Because PRGS is small, we can experiment with the curriculum. We have five-week modules as well as quarter-length courses. We have courses that straddle disciplines and bring into the classroom some of the most intriguing, cross-cutting issues. (See our course menu.) There's a final difference: jobs. PRGS graduates are in high demand, and in many sectors. Over the last four years, about a third of graduates have taken jobs in research, about a third in private industry, and about a third in government and non-profit organizations. Multiple offers are the rule, and these come from academia, business, government, and non-profits. (See information on the placement of PRGS graduates.)

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Where does the Pardee RAND Graduate School get its name from?

The official name of the school is the Frederick S. Pardee RAND Graduate School. We call it PRGS for short. PRGS was founded in 1970 as one of eight graduate programs created to train future leaders in the public and private sectors in policy analysis. Known initially as the RAND Graduate Institute, then the RAND Graduate School, PRGS took its present name in 2004 to honor the vision and contributions of Frederick S. Pardee, a former RAND researcher and philanthropist.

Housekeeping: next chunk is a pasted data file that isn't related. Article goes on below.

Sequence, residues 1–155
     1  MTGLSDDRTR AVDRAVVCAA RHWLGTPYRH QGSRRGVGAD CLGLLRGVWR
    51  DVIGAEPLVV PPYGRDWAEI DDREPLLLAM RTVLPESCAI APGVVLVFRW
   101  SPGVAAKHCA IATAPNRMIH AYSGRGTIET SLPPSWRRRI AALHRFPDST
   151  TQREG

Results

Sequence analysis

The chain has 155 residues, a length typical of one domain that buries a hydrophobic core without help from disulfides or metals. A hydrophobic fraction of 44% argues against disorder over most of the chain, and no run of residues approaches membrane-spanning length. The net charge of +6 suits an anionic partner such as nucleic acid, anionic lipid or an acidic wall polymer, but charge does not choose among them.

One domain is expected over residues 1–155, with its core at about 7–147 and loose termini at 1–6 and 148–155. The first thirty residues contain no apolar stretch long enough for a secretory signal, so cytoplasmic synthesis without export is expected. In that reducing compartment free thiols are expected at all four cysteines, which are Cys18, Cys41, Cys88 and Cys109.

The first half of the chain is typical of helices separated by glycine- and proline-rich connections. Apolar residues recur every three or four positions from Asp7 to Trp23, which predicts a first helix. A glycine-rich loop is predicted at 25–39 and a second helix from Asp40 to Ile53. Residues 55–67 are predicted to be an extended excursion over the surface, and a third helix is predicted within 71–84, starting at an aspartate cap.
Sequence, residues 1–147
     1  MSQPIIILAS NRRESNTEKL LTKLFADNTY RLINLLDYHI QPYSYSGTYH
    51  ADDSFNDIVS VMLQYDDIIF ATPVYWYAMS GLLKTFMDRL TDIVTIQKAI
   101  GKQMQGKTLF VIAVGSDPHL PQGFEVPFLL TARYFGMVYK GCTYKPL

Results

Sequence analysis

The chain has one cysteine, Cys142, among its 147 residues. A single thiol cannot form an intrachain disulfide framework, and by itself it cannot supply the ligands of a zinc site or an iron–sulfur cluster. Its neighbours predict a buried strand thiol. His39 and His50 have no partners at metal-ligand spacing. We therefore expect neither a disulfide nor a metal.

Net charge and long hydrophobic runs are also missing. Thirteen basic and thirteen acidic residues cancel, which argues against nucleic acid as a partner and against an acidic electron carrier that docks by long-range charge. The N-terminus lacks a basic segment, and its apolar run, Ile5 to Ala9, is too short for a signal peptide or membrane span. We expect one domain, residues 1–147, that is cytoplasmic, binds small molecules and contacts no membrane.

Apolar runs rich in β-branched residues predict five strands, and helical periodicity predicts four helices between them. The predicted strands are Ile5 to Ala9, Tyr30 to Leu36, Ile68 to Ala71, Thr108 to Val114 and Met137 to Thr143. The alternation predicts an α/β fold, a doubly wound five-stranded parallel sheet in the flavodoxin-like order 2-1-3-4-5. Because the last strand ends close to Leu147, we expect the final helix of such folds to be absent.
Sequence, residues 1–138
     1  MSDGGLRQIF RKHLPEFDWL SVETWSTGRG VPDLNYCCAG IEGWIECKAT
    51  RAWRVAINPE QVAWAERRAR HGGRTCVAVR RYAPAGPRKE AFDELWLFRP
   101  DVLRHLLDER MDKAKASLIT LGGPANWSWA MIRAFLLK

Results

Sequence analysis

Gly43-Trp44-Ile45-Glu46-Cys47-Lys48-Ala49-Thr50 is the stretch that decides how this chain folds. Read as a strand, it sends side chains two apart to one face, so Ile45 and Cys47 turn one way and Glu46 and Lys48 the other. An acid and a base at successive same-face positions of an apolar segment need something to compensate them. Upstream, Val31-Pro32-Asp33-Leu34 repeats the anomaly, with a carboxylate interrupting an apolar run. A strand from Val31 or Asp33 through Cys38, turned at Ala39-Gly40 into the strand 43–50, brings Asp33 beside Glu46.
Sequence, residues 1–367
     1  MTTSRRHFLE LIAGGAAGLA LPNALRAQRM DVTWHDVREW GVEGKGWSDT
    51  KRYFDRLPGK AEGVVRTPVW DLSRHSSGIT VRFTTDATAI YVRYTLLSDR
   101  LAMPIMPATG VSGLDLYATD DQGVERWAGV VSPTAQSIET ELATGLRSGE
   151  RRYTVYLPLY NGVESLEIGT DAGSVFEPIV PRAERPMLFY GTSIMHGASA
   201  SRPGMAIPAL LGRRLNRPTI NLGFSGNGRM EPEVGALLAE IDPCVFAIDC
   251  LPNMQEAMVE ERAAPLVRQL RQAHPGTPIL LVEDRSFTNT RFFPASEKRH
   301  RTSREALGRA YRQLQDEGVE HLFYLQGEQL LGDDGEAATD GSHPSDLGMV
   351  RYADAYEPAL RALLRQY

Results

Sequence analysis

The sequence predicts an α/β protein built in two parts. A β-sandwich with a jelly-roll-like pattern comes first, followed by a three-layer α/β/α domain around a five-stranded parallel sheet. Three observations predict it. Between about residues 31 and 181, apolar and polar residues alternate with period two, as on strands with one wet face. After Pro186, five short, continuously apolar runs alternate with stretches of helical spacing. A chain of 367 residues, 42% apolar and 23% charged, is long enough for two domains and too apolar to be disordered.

Read more about Fred Pardee in a section of this 2005 alumni newsletter.

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What is the core curriculum?

The core curriculum consists of 12 courses that provide students with a foundation in the research techniques used in policy analysis. The courses are:

  • Empirical Analysis (4 courses) – These courses cover probability and statistics, regression analysis, operations research, and econometrics
  • Economics (2.5 courses) – This sequence provides a background in microeconomic theory that is used in policy analysis, as well as the basics of macroeconomics. The main topics include consumer theory, theory of the firm, partial equilibrium analysis, game theory, market power, principal-agent analysis, decision making over time, mechanism design, market equilibrium and market failure.